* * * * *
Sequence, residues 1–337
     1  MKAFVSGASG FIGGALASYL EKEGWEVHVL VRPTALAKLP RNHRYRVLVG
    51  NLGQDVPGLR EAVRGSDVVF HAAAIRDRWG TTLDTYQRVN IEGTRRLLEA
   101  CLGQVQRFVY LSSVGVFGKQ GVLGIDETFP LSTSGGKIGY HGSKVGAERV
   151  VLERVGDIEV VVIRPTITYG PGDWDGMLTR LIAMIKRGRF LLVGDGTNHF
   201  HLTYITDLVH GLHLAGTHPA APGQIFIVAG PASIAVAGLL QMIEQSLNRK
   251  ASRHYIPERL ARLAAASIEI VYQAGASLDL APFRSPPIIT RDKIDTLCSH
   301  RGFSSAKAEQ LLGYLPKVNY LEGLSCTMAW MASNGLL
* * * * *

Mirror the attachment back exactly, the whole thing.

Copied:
Sequence, residues 1–337
     1  MKAFVSGASG FIGGALASYL EKEGWEVHVL VRPTALAKLP RNHRYRVLVG
    51  NLGQDVPGLR EAVRGSDVVF HAAAIRDRWG TTLDTYQRVN IEGTRRLLEA
   101  CLGQVQRFVY LSSVGVFGKQ GVLGIDETFP LSTSGGKIGY HGSKVGAERV
   151  VLERVGDIEV VVIRPTITYG PGDWDGMLTR LIAMIKRGRF LLVGDGTNHF
   201  HLTYITDLVH GLHLAGTHPA APGQIFIVAG PASIAVAGLL QMIEQSLNRK
   251  ASRHYIPERL ARLAAASIEI VYQAGASLDL APFRSPPIIT RDKIDTLCSH
   301  RGFSSAKAEQ LLGYLPKVNY LEGLSCTMAW MASNGLL